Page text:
Living, Learning, and Language

While it may change in the (not too distant future), we are still living in Italy.  It has its challenges, but we have acclimated and are enjoying our life in Rome.  Aside from the 2 or 3 months in the summer of unrelenting, stifling heat, the climate here is one of the aspects we enjoy most, especially in comparison to Vancouver; we manage to get out (almost) every weekend to go for a hike or to go rock climbing and I find myself getting excited each weekend for new adventures.  It’s a beautiful country and we are having an amazing time exploring it.

Interestingly (or not), one of the main complaints I have is still my lack of Italian.  In retrospect, I realize I should have taken a course when we initially moved;  I have friends living here who went to school every day for 4 months (4-5 hours a day) and that was enough for them to get a good handle on the language as a solid foundation and then just gradually work from there in improving vocabulary, pronunciation, etc.  In my case, when we first moved here, I was home with Frankie and didn’t have 4 hours a day to learn Italian so I would just log into Duolingo each night for 20 minutes or so after she went to sleep.  Eventually, we got a tutor but 1 hour a couple of days a week is just not enough to make fast progress.  I continued to work through Duolingo, however, (eventually purchasing a couple of other applications with which I’ve had limited success) working myself up to the level where I can have simple conversations, can understand fairly well (subject dependent), and can read quite well — basically, as my tutor says, “sufficiente” (I like to say that I can hold my own but just barely).  I’ve had my current tutor, on and off, for over a year and we speak via Skype and he allows me to speak in Italian without (too) much fear of embarrassment — actually, he’s great, very patient, and our conversations are always entertaining.

Living in Italy doesn’t mean one simply learns Italian by some strange osmosis; one actually needs to be immersed (actively listening and speaking in Italian a majority of the time).  And for us, unfortunately, we speak English.  We speak English at home, Jesse speaks English at work and Frankie is currently not sharing any of her Italian with her dumb parents (yes, she speaks Italian and, yes, she has the cutest little accent and I couldn’t be prouder).  We don’t have Italian friends — the friends we have who are Italian speak English very well so it’s just more natural to speak in English, rather than stilted Italian.  So, it’s a slow process but it’s progressing and I’m ok with that.  Plus, we have a great foundation for learning other Romance languages so I’ll be at an advantage when I start my next language.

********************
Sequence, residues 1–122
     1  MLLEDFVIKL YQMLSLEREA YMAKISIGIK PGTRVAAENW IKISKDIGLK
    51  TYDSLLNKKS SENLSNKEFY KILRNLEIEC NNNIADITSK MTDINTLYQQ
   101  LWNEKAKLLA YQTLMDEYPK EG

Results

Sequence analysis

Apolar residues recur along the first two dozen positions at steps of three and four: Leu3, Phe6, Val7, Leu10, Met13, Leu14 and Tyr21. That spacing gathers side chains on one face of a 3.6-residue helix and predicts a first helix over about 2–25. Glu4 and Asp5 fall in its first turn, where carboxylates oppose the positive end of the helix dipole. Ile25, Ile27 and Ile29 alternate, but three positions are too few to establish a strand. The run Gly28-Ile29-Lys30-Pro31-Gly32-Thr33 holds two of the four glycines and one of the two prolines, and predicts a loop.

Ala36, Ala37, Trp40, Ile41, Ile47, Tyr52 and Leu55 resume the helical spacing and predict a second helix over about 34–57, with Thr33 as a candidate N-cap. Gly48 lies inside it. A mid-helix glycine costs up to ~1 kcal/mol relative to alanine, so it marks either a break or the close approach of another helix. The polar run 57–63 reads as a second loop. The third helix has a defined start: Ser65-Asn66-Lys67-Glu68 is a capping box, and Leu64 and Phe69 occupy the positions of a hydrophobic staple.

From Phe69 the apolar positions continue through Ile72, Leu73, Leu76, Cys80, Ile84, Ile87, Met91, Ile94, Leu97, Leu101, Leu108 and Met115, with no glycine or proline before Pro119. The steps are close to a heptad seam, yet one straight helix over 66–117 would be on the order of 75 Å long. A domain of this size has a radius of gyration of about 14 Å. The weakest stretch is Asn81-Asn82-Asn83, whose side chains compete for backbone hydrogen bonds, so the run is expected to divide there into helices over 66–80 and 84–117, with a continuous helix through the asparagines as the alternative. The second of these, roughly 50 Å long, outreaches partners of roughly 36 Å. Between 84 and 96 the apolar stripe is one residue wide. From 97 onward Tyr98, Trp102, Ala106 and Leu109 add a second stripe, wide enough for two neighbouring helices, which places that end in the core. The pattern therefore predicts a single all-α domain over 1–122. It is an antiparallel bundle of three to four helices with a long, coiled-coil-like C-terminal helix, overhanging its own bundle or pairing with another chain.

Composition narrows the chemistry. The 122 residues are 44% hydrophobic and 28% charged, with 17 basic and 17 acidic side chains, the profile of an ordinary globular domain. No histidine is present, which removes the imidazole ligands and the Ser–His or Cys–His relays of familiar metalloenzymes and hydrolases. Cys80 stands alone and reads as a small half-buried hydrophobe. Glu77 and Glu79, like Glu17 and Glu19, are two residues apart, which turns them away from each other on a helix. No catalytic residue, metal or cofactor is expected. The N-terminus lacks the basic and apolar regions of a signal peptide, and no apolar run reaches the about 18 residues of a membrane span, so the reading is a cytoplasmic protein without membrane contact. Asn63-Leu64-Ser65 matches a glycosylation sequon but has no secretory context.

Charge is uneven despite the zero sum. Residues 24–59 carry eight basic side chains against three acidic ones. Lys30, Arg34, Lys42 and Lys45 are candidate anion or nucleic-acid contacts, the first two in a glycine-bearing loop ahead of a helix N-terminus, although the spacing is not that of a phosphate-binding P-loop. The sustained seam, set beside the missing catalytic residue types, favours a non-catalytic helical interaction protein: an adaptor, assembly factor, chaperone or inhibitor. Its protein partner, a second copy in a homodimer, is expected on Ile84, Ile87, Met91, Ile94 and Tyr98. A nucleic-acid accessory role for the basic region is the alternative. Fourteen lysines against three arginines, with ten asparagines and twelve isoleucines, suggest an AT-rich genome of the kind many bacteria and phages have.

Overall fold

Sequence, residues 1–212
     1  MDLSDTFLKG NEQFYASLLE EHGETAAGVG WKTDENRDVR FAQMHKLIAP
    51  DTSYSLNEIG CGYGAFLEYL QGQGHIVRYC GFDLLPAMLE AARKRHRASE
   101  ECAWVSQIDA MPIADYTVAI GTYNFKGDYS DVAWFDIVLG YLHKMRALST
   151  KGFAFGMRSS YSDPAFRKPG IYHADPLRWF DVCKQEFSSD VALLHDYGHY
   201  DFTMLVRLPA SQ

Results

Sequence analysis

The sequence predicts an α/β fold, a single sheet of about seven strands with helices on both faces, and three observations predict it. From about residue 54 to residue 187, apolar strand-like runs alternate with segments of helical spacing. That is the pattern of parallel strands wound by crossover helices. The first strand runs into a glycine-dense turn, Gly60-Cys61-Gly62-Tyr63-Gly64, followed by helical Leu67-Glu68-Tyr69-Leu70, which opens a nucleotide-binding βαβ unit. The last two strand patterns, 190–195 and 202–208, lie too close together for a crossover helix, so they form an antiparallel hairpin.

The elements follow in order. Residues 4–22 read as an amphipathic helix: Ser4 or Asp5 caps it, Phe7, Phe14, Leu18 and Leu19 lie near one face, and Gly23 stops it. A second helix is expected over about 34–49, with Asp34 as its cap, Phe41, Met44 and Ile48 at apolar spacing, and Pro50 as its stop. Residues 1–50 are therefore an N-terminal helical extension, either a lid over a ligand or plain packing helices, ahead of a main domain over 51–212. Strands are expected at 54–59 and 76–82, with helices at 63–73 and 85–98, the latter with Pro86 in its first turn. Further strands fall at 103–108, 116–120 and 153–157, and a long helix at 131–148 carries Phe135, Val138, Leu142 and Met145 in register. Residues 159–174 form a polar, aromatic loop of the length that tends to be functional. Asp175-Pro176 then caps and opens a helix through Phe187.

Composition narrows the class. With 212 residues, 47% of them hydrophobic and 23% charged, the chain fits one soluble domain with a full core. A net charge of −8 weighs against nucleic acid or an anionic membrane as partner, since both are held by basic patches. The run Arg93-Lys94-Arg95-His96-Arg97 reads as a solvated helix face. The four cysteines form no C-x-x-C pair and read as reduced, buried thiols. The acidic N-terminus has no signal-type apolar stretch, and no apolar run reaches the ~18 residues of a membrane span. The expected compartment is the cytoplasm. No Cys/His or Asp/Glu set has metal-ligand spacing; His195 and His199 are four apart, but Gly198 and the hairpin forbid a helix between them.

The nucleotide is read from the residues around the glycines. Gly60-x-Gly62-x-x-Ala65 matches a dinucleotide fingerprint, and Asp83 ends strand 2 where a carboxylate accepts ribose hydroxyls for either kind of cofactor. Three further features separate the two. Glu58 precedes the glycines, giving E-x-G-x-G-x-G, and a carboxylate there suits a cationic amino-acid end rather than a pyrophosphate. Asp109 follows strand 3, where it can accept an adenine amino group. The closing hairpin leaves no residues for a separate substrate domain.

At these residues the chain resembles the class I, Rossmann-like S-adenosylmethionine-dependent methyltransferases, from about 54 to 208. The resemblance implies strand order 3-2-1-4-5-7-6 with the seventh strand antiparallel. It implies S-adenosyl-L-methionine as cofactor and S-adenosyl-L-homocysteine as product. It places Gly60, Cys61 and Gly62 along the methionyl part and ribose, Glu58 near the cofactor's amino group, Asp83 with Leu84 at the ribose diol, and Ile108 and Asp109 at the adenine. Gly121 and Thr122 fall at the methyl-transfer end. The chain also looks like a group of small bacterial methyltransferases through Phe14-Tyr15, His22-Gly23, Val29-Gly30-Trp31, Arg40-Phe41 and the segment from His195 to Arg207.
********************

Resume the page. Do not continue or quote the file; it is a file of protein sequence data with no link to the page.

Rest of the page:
As you may or may not be able to imagine, we are still having our share of embarrassing language experiences and, after recounting 1 or 2 of them to my parents last night, I decided to really just cement them in my brain forever by dedicating a post to a few recent mistakes.  Firstly, I’d like to preface this by saying that when I say “we” I am referring to BOTH myself and Jess; these mistakes are not just mine alone — when Jesse told me a few months ago that he mistakenly told the police in Sardinia that he and his friend were just going to go and play instruments at the beach, rather than go for a swim at the beach as they were planning, I laughed for longer than was probably kind but it was just such a relief to hear someone else recount a story of verb-mixing because it’s soooo relatable.  So, a few days later, when I told another mom at Frankie’s daycare that Frankie rained (instead of cried), I didn’t feel quite as dumb as I would normally, as I understand that it’s just a normal part of learning and happens to everyone.